Indirect discrimination is when a policy, rule, or arrangement that applies to all employees discriminates against a certain group of people.

For example, say your company has a healthy living initiative that includes team excursions with activities like skiing, hiking, or bowling. That’s great, but it doesn’t account for those with physical disabilities who wouldn’t be able to participate. This would be an example of indirect discrimination.

In the UK, over 8.2 million workers say they’ve been discriminated against due to their gender, and 70% of ethnic minorities have experienced racial harassment at work in the past five years.

For your company, this makes having an equal opportunities policy not only a nice-to-have document, but all but essential in a contemporary working context.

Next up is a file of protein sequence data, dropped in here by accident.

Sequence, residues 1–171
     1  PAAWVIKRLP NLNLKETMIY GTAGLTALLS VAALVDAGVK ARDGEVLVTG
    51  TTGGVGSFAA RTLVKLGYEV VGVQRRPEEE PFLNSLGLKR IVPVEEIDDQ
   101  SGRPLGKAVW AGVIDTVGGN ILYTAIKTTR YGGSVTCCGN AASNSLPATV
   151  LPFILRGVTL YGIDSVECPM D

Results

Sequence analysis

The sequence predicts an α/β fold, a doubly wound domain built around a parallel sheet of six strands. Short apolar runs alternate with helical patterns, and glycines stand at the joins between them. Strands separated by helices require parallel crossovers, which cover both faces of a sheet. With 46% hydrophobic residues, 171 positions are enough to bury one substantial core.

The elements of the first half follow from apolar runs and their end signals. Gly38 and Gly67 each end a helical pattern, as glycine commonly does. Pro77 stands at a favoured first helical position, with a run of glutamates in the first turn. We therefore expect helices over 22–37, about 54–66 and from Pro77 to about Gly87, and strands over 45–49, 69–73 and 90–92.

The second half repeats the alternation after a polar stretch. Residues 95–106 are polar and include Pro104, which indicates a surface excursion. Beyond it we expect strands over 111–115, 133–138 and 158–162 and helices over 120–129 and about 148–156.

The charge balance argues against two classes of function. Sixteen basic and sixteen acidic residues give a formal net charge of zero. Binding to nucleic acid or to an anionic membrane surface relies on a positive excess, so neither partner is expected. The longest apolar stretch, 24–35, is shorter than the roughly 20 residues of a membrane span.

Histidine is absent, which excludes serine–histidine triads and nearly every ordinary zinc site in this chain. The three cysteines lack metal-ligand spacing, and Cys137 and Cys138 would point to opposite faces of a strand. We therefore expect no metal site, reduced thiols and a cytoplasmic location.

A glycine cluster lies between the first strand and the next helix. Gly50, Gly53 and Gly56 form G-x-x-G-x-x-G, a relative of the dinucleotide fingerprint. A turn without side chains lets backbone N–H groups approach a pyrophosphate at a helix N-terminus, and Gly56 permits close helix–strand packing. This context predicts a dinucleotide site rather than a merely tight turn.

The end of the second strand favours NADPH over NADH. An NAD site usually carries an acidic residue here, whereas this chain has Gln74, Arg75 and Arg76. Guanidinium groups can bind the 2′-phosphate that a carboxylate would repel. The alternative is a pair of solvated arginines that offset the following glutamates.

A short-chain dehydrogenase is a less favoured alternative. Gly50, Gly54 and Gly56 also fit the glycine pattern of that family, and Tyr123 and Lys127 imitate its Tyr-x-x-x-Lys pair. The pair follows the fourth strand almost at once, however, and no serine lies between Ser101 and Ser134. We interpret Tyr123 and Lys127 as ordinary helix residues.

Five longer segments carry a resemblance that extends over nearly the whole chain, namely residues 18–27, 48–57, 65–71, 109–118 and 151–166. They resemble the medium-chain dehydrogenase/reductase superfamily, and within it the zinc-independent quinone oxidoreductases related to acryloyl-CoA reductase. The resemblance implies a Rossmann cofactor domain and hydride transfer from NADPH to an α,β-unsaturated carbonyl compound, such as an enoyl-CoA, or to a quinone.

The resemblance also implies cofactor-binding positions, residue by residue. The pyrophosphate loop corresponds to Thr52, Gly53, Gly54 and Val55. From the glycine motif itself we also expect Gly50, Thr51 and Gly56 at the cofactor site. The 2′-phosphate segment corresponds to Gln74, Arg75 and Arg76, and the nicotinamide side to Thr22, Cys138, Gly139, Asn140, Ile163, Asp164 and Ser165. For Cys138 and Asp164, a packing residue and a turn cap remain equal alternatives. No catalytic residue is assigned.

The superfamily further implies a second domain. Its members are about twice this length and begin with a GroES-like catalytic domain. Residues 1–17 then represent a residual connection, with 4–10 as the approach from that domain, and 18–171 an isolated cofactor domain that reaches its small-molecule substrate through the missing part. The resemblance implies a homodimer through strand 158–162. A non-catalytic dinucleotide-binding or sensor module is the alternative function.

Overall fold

The Equality Act 2010

While UK companies aren’t legally required to have an equal opportunities policy, it is highly suggested as it supports the Equality Act 2010.

In October of 2021, The UK Government passed the Equality Act 2010, an updated discrimination law that protects Britains from unfair treatment.

All UK citizens are covered by this act regardless of whether or not their company has an equal opportunities policy in place, but having a workplace policy further cements employee protections and demonstrates their commitment to the policy.

Do You Need An Equal Opportunities Policy?

Even if you don’t see bullying in the workplace every day, it still may be a problem in your company. According to a 2020 survey, 23% of UK workers have been bullied at work, 25% have been made to feel left out, and 12% have struggled to make friends.Still, there are plenty more reasons to implement an equal opportunities policy aside from addressing workplace bullying.